The political battle for control of Karachi has cost the lives of more than 100 people caught in the violence.
|Police were given orders to “shoot on sight” on July 9 in efforts to quell the violence [AFP]|
At least 20 people have been killed and dozens more injured in continued violence between rival groups in Pakistan’s largest city, police and officials said.
The recent spate of pitched battles in the eastern neighbourhoods of Karachi, the commercial hub of the country, killed 12 people on Friday and eight more on Saturday, according to police sources.
The violence is said to be a result of clashes between armed activists of Karachi’s most powerful political party, the Muttahida Qaumi Movement (MQM), and its breakaway faction, the Mohajir Qaumi Movement-Haqiqi (MQM-H).
Saud Mirza, a police official in Karachi, said on Friday that the violence erupted when “some men of a group entered Khokhrapar area of Malir and targeted their opponents”.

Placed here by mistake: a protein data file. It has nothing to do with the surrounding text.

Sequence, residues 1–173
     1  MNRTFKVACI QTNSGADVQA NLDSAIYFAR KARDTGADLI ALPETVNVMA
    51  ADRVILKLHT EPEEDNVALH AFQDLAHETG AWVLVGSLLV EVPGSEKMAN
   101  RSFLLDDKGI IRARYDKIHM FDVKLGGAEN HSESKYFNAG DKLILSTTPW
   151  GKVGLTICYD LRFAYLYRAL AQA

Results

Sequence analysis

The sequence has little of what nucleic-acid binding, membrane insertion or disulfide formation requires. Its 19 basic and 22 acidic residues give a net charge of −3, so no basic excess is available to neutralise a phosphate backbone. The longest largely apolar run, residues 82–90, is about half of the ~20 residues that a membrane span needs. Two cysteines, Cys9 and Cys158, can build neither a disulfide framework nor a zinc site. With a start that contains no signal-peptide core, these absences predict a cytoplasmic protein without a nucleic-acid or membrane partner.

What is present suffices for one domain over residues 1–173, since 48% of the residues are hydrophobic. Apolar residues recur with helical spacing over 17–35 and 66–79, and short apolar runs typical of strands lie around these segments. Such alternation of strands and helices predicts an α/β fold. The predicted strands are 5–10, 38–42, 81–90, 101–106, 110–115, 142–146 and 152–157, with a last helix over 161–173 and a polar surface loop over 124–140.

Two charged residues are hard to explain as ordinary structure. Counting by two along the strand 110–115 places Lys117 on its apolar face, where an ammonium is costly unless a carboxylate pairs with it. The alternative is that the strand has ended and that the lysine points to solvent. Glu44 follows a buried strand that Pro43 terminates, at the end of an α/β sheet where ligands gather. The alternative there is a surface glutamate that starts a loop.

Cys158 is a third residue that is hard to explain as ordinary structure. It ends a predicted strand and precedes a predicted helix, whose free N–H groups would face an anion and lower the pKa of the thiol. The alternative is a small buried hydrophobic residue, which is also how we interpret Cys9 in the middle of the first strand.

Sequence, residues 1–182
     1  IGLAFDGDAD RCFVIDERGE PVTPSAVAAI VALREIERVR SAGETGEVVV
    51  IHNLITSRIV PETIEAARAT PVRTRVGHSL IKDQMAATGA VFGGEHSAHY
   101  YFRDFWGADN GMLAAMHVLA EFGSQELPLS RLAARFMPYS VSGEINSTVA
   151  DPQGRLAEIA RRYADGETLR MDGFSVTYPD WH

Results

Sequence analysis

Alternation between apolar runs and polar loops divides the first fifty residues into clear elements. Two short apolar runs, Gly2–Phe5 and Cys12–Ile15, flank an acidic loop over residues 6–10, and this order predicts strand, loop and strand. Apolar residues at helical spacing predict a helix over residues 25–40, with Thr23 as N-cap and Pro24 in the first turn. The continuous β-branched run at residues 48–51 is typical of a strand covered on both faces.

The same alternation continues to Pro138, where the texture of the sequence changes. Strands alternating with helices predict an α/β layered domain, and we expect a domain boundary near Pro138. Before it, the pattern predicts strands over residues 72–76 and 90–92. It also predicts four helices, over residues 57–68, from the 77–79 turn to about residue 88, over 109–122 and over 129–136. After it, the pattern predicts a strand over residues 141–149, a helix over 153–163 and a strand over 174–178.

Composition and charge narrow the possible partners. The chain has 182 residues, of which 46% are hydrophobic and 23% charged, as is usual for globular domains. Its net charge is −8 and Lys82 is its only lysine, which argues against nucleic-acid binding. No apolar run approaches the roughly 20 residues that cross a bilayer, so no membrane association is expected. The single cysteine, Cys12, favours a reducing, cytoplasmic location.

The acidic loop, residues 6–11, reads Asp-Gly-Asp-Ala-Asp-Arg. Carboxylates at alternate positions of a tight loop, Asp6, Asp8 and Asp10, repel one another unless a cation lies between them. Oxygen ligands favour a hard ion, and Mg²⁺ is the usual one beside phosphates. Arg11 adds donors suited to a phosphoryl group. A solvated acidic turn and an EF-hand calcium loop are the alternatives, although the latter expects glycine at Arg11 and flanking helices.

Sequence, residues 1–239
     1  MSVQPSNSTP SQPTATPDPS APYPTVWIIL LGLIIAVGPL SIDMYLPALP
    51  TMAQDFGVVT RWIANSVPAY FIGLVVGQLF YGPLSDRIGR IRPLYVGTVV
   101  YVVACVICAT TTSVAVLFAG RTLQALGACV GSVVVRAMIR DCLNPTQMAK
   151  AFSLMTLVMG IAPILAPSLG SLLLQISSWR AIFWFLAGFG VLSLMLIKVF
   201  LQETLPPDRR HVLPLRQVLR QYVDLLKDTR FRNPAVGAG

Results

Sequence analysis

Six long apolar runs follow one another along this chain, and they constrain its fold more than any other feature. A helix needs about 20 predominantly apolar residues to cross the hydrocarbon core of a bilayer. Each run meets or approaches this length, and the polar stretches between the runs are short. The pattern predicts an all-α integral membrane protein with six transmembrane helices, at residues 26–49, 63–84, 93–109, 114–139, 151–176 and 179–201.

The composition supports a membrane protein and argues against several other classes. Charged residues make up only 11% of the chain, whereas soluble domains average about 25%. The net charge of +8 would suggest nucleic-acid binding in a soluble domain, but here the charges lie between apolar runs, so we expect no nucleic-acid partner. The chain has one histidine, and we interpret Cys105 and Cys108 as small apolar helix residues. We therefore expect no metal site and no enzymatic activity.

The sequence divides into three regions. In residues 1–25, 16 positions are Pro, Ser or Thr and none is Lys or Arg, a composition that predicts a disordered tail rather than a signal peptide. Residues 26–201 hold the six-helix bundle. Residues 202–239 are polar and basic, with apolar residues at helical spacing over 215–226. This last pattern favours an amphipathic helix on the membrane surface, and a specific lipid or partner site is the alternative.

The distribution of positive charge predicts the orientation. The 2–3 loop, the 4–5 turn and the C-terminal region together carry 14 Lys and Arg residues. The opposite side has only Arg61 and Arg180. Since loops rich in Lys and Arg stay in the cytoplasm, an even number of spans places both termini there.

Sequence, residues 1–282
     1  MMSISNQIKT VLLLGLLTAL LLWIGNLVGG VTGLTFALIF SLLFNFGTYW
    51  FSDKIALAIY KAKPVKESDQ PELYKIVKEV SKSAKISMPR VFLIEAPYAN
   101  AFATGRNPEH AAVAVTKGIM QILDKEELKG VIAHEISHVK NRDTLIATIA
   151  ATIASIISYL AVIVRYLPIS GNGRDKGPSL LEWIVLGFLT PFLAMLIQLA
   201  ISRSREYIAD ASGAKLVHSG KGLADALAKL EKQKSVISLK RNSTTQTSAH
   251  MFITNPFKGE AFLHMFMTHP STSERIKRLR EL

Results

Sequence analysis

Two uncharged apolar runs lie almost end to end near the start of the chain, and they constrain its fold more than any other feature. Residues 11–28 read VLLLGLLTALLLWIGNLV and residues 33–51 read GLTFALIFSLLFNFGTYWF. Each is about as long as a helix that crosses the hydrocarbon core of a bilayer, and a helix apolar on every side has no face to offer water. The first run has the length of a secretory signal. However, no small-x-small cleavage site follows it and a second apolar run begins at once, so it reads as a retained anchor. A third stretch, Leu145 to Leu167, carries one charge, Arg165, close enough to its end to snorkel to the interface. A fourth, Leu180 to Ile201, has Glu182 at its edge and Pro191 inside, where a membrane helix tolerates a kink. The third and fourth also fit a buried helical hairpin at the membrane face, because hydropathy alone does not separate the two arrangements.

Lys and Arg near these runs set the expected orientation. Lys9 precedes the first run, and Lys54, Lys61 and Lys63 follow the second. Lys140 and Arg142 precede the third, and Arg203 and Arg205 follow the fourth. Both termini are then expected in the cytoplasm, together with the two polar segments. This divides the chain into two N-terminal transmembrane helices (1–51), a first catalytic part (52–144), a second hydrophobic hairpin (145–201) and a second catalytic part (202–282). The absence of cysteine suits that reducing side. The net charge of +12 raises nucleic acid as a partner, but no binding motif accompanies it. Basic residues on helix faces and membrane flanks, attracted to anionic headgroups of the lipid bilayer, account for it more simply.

Late on Saturday, hundreds of people, including officials and supporters of MQM attended the funeral of two of the victims.
“The unarmed innocent people were brutally killed in their houses and on the streets in the morning at around
7:30am,” Mustafa Kamal, an MQM official told reporters.
He said most of the victims were either workers or supporters of MQM, but did not speculate on who the killers were.
The violence in Karachi has escalated since earlier this month, and has taken the lives of more than 150 people.
Police, in their attempts to return order to the city, declared a “shoot on sight” policy on July 9 after at least 98 people were killed in street violence over a span of three days.
“We have issued orders to the security forces to shoot anyone involved in violence on the spot,” Sharjeel Memon, the provincial information minister, told the Reuters news agency on Friday.
“In addition to the police and Rangers, another 1,000 personnel of the Frontier Constabulary will be deployed in the city to control the violence,” he said.
Karachi, home to more than 18 million people, has a long history of ethnic, religious and sectarian violence.
A recent report from the Human Rights Commission of Pakistan said 1,138 people were killed in Karachi in the first six months of 2011, of whom 490 were victims of political, ethnic and sectarian violence.
According to officials, Karachi contributes 68 per cent of the government’s total revenue and 25 per cent of country’s GDP.